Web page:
Thursday, February 26, 2009

Stimulus Stimulates Some Tension

These past few weeks have been full of interesting commentary and analyses of the nonprofit sector’s place in the just-approved stimulus package. As is the case with these kinds of negotiations, it appears that there are a few organizations that are very happy about them and a few that are disappointed, but most of the rest are somewhere in between. And while it’s been a foil for some much-needed grappling with where our sector “fits” in the larger scheme of things, it’s also raised some tensions that, to some, could use some airing.

The first is the “big versus little” nonprofit debate. Todd Cohen, in Philanthropy Journal, has arguably been the most vocal on this issue (see post below, “Where’s The Nonprofit Agenda?”), but there are others out there (you know who you are) that are disgruntled at what they see as a power grab by groups that have the resources to get in front of legislators with their interests. And most of those are the “big organizations,” they say, that don’t comprise the bulk of the sector.

The second is the “service versus larger nonprofit sector” debate. There are some folks in the sector who perceive a smaller cohort of organizations—specifically, the organizations that benefit from national service funding through Americorps—“co-opting” or driving what they believe should be a much larger agenda. Because the service organizations are extremely well organized, politically savvy, and have the wind of previous Americorps/national service funding and Congressional support behind them, they are front and center in discussions about the Obama administration’s plans for a new White House Office on Social Innovation, as well as increased funding for the Corporation for National and Community Service. That’s raised the hackles of community-based and local nonprofits, particularly ones that are providing direct services to some of the country’s most underserved populations, and that tend to have limited access to powerful members of Congress.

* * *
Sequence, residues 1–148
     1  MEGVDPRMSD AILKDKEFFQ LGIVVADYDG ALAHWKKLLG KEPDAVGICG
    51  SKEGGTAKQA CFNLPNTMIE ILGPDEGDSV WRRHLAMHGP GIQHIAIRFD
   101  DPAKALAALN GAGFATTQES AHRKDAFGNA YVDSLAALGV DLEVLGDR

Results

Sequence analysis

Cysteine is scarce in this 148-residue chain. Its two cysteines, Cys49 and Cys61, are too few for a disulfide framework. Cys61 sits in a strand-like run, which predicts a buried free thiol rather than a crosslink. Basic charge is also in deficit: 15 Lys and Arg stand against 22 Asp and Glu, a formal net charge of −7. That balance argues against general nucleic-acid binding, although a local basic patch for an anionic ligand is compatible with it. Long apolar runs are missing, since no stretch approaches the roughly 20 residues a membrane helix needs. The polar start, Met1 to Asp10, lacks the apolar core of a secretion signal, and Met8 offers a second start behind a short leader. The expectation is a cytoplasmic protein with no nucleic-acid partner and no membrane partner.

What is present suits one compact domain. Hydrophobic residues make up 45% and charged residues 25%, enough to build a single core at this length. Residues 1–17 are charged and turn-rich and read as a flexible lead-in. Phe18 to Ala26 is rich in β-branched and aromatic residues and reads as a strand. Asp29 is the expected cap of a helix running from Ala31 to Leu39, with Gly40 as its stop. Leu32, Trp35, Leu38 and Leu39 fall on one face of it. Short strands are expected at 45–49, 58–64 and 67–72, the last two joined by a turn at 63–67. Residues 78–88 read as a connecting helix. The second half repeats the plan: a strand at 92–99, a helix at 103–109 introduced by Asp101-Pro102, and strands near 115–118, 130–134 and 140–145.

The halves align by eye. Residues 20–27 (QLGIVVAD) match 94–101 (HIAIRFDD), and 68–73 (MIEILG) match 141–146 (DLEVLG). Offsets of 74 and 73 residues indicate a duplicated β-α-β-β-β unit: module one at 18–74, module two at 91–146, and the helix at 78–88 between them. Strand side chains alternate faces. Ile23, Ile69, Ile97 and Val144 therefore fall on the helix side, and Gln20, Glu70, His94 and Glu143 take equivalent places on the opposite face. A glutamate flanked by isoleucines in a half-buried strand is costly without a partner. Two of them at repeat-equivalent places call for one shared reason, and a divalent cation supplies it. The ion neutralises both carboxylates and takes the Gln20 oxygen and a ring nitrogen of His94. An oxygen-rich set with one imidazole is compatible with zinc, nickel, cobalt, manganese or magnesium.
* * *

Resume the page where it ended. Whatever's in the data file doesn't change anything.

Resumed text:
The third is the “social entrepreneurs versus the traditional nonprofits.” (See post directly below this one…)

The fourth is the “MBAs versus the non-MBAs.” During the past decade, there has been a palpable infusion of business-oriented approaches, thinking, and concepts into the nonprofit sector. To some, this has been a welcome and much-needed breath of fresh air that has nudged some nonprofits (and funders) out of their complacency and view that “doing God’s work” is enough to validate their existence. It’s also helped to advance new ways of thinking about (and doing) management, evaluation, benchmarking, and strategic planning.

Others, however, have eyed these developments warily and been alarmed by what they perceive as arrogance and/or presumptions about business-oriented approaches as being superior. The penchant of the business types to throw a lot of terms around that only they understand only adds to the resentment among nonprofits not steeped in business lingo. And where’s the reciprocity? When’s the last time you heard of a private sector company asking a nonprofit organization to “help them” become more “nonprofit-like”? Is there nothing that the nonprofit sector might provide to the private sector as a “value added”?

Some people have dismissed the above as “exaggerated” and/or that believe that because “the sector is too diverse” to prevent these kinds of disagreements, we should just accept them. There’s some truth to that, of course, but there’s also a bit of a cop out behind it (the “why try since it’ll never work anyway?” view). Diversity can produce challenges to finding common ground, but I’m not convinced that those challenges are sufficient reason to give up trying. Unless we honestly acknowledge these kinds of issues and the assumptions (or biases) behind them , it will be impossible to find any kind of solidarity as a larger sector whose overarching purpose is fairly clear. And as times get even tougher, that solidarity will become even more important.

Perhaps it’s time for some of the folks who are able to see the big picture, as well as all sides of these contentious issues, to serve as emissaries who can pull together representatives of the various camps for more conversation or attend meetings of various subsectors groups to learn more about what each is doing and, ultimately, help identify areas of commonality that could be fed back into a larger conversation and action plan. The good news is that some leaders of these subsector groups are starting to do just that, and that bodes well for the sector, I believe, over the long term.

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